City and Western Cape Government condemn violent protests that resulted in Metrorail trains being set alight.
Approximately 150 000 commuters have been affected this morning, 21 September 2016, by the temporary suspension of Metrorail’s central line service due to the violent destruction and sabotage of vital public transport infrastructure, stemming from unrelated protests that have spilled over into the rail network.
The City of Cape Town and the Western Cape Government condemn, in the strongest terms, the violent protest action in Langa that has seen multiple Metrorail train carriages being set alight, and serious damage caused to apparatus cases, track boxes, and signalling equipment. The damage is estimated to run into millions of rands.
Not only have these actions completely crippled the rail network’s operation on the Khayelitsha/Kapteinsklip corridor, but they have also threatened the safety of commuters and placed Metrorail employees at risk. On advice from the South African Police Service (SAPS), Metrorail has had to suspend trains from all stations in the central service corridor until further notice.
Our law-abiding residents who leave their homes in the early morning hours to be in time for work and school are held ransom by people who have no regard for the law.
Over the past several months our critical but ailing commuter rail system has endured relentless attacks that have left the service limping along, with devastating consequences for our commuters and our city’s economy.
The City of Cape Town’s reliance on Metrorail for public transport is unparalleled in our country, with the biggest portion of public transport users relying on rail to commute daily. This is a pattern we need to encourage and protect. We cannot have our commuters deserting the rail service and moving to road-based transport – in particular private cars – since this would be a massive set-back for our already congested roads and our city’s long-term sustainability.
The impact on our poorest residents should our rail service continue to be destroyed would be catastrophic. Rail is the most efficient and affordable means of transport for those who live far away from jobs and opportunities.
Despite sustained attacks on the rail service, we are yet to see any consequences for those who commit these crimes of sabotage of critical infrastructure. Without consequences how are we to turn this tide?
The South African Police Service must arrest those responsible so that they can be charged and prosecuted. We cannot allow this situation to continue indefinitely. We urge the SAPS and the prosecuting authority to do what needs to be done urgently to deal with the intimidation, arson and even murder of Metrorail employees.
An additional 555 commuters travelled on the MyCiTi N2 Express service between Mitchells Plain, Khayelitsha and Cape Town this morning. We anticipate that the passenger numbers will increase over the next few days and for as long as Metrorail’s central line is not operating.
Transport for Cape Town, the City’s transport authority, implemented additional trips on the N2 Express service earlier this month. As such, the MyCiTi service can currently accommodate more passengers – as has been the case this morning. We are monitoring the situation and will add additional buses if needed.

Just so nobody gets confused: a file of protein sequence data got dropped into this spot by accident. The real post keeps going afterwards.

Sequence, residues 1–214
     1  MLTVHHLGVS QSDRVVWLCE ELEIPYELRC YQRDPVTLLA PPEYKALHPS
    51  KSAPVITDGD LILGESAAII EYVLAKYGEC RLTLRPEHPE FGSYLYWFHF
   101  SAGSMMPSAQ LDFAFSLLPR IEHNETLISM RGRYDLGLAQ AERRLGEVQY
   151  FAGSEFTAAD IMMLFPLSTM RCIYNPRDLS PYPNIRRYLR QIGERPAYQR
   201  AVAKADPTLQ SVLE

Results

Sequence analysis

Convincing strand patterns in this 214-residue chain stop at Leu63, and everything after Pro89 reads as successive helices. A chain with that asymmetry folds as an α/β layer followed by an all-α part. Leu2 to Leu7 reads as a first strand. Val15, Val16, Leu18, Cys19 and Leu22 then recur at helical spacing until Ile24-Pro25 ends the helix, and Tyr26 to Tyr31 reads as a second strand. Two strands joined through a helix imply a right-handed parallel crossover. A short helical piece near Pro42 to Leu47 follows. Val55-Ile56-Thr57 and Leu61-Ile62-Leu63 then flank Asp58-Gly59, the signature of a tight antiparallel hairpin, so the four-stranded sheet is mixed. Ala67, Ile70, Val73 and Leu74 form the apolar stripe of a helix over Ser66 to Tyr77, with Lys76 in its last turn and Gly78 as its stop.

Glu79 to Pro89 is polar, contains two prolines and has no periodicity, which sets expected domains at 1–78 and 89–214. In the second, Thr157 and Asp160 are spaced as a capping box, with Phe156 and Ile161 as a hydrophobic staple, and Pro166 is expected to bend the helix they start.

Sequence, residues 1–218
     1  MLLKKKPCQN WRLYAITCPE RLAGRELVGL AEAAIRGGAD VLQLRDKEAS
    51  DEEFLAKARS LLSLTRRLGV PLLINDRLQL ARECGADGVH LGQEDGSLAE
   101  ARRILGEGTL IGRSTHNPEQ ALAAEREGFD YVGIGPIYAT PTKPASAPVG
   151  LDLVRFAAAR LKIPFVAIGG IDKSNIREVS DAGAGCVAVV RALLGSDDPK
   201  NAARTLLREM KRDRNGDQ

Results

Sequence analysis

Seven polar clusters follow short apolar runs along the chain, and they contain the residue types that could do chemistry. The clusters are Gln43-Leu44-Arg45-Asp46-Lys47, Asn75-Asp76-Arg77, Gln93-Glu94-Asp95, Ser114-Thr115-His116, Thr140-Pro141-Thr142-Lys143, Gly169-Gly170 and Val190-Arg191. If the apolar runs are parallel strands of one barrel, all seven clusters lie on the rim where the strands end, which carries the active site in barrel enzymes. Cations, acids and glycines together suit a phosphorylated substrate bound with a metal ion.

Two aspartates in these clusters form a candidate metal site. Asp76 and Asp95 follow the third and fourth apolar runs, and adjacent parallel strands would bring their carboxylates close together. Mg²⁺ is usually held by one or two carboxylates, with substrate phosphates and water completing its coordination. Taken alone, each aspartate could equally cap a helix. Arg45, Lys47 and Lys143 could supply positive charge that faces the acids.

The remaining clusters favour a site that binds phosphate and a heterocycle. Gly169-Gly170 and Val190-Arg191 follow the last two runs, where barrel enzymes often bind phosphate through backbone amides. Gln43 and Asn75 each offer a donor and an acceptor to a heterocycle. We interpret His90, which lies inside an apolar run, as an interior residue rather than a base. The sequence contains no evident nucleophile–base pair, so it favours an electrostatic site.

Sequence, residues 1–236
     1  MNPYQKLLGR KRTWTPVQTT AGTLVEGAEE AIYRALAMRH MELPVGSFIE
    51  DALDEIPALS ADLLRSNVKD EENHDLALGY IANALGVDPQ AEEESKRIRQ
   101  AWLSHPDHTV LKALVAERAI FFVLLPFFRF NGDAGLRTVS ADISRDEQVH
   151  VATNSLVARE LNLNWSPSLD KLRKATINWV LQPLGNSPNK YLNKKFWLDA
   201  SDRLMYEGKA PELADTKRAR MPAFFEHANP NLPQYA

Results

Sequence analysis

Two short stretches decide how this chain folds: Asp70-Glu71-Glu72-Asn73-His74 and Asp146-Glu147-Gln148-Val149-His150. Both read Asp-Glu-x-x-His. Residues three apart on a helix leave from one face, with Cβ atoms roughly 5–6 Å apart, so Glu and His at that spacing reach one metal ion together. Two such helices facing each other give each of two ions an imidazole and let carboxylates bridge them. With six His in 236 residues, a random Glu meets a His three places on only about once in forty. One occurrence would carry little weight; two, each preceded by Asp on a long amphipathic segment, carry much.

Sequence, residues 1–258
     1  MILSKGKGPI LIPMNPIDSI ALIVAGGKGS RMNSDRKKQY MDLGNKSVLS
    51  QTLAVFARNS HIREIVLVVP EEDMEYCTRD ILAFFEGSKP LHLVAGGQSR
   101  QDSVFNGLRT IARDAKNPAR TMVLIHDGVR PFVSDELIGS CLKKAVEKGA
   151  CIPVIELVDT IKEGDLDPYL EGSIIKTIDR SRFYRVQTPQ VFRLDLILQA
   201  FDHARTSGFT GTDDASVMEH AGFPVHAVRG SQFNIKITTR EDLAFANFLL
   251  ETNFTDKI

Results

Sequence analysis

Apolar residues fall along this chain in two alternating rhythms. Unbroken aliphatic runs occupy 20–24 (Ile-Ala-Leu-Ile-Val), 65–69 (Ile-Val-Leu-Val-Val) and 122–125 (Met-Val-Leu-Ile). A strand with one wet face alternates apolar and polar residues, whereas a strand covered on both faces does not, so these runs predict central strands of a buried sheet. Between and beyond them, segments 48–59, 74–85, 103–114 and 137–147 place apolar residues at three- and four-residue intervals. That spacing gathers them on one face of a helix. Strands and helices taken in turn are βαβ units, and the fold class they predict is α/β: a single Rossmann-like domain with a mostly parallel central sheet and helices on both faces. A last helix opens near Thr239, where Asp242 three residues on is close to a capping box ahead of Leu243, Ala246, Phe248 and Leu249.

Residents from the Cape Flats are encouraged to please make use of the MyCiTi service during this time.
The N2 Express service provides an affordable, convenient and scheduled alternative to travel to the Cape Town central business district:
  • The first buses on Route D01 (Khayelitsha East) and Route D02 (Khayelitsha West) depart from Kuyasa at 04:55 and 04:50 respectively on week days
  • The first buses on Route D03 (Mitchells Plain East) depart from the Town Centre at 05:28 on week days and the buses on Route D04 (Mitchells Plain West) depart from the Kapteinsklip railway station at 04:40 on week days
A MyCiTi journey along these routes to the Civic Centre station in Cape Town costs approximately R18 (Mover fare) and R25,50 (Standard fare) for a one-way trip during the peak-hour period and approximately R12,50 (Mover fare) and R17,70 (Standard fare) during the off-peak period.
Commuters are reminded that cash is not accepted on the buses. Passengers need a myconnect card to travel and load money to pay for their trips. Commuters can buy a myconnect card for R30 at the Town Centre kiosk in Mitchells Plain, at the Kuyasa kiosk in Khayelitsha, or at the Civic Centre station.
Commuters can call the Transport Information Centre (TIC) on 0800 65 64 63 for more information. The TIC is available 24/7 and callers are assisted in English, isiXhosa and Afrikaans.
Minister Grant met with Metrorail Regional Manager, Richard Walker, this morning and discussed the current state that the rail network finds itself in as a result of protest action that has nothing to do with Metrorail. We echo Mr Walker’s call on authorities to do all they can to bring an end to violent protests and further commit to assisting Metrorail in whatever way possible to ensure that public transport services are restored for the over 150 000 commuters residing along the Khayelitsha/Kapteinsklip corridor who are estimated to have been adversely affected.
We will continue to provide such assistance where possible, in keeping with our objective to provide safe and reliable public transport in this province.